Faith In Action: Changing Rules
Activity time: 30 minutes
Materials for Activity
- Poster board and washable markers
- Letter-writing supplies: paper, pens, envelopes, and stamps
- Names and addresses of state or national legislators
Preparation for Activity
- Decide on your approach to this activity. If you choose the specific-rule option, research bicycle-helmet laws in your state; see Find Out More for information. If you think youth curfews are a good subject to introduce, research local law in advance.
Description of Activity
Ask participants to support or oppose rules that affect them. Use either the general or the specific approach.
General approach: Tell the group that their Faith in Action challenge for this session is supporting or opposing a rule that affects them. Say that you will divide them into small groups of two or three. Each group will meet separately and choose a rule that affects them that they wish to support or oppose. The rule could be a state, a national, or a local law. On the other hand, it could have something to do with a school or their congregation. It might even be an unwritten rule. Once each group has chosen a rule, they should decide whether to support or oppose it. Then they should make a poster supporting their position or write a group letter to somebody who can change the rule-whichever task you, the leader, has chosen (and obtained supplies for).
Before they set to work, remind youth of the "measured response" mentioned in Activity 3. To identify a measured response in this case, they will need to think through the consequences of what they are suggesting. If they oppose a rule, they need to think about what might happen without it. If they support a rule, what might be the consequences of keeping it (or enacting it, if it doesn't already exist in written form)? Divide the youth, and give each group the supplies it needs. If you are expecting the groups to write letters, you may need to assist them with identifying appropriate recipients. If the youth are concerned with a state law, for example, they will need the name and address of a local legislator to write. If you expect the group to make posters, help them decide who their best audience is and where to place their posters.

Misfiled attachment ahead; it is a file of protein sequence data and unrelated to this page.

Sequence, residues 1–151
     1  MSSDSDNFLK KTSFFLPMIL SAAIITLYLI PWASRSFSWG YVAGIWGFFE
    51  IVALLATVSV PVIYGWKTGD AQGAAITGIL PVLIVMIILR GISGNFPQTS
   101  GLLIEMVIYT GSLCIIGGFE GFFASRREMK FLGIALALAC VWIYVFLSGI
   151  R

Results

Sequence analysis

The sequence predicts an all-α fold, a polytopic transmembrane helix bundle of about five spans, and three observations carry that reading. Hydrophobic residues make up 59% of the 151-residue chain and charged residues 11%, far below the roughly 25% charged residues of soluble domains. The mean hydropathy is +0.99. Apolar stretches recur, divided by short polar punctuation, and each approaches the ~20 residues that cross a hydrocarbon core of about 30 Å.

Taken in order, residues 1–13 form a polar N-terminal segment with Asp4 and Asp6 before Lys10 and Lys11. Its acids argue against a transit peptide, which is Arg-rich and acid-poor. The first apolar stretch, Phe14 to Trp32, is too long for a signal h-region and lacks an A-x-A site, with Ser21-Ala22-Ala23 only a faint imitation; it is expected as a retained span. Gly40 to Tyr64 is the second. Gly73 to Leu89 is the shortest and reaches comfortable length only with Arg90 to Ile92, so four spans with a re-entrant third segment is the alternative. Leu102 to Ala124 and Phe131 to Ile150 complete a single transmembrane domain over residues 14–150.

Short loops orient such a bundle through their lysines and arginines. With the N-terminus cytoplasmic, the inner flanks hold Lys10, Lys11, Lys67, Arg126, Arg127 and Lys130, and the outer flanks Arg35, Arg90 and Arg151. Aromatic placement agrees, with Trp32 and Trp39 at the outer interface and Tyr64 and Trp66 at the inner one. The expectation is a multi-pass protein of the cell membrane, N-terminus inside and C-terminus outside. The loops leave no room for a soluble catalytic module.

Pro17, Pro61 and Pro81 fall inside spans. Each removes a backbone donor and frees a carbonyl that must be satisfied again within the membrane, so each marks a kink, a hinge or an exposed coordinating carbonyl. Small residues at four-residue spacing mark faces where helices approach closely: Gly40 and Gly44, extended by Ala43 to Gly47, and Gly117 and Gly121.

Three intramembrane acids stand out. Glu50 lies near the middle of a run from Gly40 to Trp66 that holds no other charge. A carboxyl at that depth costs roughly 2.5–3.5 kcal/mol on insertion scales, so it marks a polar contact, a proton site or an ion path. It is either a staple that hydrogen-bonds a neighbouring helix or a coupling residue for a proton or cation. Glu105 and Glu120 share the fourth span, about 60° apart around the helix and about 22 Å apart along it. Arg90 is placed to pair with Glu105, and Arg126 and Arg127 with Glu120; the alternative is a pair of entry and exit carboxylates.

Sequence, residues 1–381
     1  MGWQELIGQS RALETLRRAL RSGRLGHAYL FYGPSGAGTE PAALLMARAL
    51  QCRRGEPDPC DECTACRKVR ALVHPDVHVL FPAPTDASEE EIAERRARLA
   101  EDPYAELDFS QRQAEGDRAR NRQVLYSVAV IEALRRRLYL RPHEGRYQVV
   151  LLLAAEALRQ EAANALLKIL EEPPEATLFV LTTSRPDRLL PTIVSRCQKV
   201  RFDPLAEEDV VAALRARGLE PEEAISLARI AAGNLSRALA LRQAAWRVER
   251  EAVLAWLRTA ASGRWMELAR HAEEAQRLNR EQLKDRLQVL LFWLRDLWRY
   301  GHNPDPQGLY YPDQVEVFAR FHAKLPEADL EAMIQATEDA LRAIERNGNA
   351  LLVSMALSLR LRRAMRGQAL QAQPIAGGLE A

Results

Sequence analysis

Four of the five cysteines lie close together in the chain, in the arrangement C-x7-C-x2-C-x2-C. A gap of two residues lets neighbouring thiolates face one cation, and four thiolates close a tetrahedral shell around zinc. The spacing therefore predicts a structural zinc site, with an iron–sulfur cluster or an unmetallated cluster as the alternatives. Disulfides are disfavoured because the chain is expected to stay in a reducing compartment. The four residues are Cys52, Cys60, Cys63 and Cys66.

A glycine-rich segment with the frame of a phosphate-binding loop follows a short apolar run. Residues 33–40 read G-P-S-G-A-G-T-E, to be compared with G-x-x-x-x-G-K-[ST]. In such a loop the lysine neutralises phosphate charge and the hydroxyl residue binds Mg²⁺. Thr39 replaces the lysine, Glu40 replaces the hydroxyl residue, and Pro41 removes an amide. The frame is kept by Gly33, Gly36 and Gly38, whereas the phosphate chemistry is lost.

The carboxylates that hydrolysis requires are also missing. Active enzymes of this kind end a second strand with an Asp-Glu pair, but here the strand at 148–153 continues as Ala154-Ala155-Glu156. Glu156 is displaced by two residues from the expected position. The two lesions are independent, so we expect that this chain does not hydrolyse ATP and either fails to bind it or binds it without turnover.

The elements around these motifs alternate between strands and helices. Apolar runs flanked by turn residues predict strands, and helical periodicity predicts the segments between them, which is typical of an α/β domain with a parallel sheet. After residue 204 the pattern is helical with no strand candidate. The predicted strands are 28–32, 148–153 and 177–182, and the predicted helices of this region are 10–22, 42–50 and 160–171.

Specific approach: If you wish to save time by limiting the effort to a single rule, consider bicycle-helmet laws and ask each group to make a poster or to write a letter as described for the general approach. The groups will need to know the law in their area. In the state of Maine, for example, everybody under the age of sixteen is required to wear a helmet when riding a bicycle. If they do not, their parents may have to pay a $25 fine (See Find Out More for a website that summarizes state laws pertaining to bicycle helmets.). Another possibility is a youth curfew in your area. Before introducing that idea, you should find out from local authorities whether there is a curfew and, if so, what it covers. School dress codes are another possibility. For example, can boys wear earrings? Can anyone display any body piercing they choose? Are there any limitations about slogans on t-shirts? You may also find interesting issues in the news. This activity will work best if youth are invested in the outcomes.
When the groups have completed their posters or letters, ask them to reassemble and share with one another what they have done. Help them determine whether and where to place their posters and whether and how to mail their letters.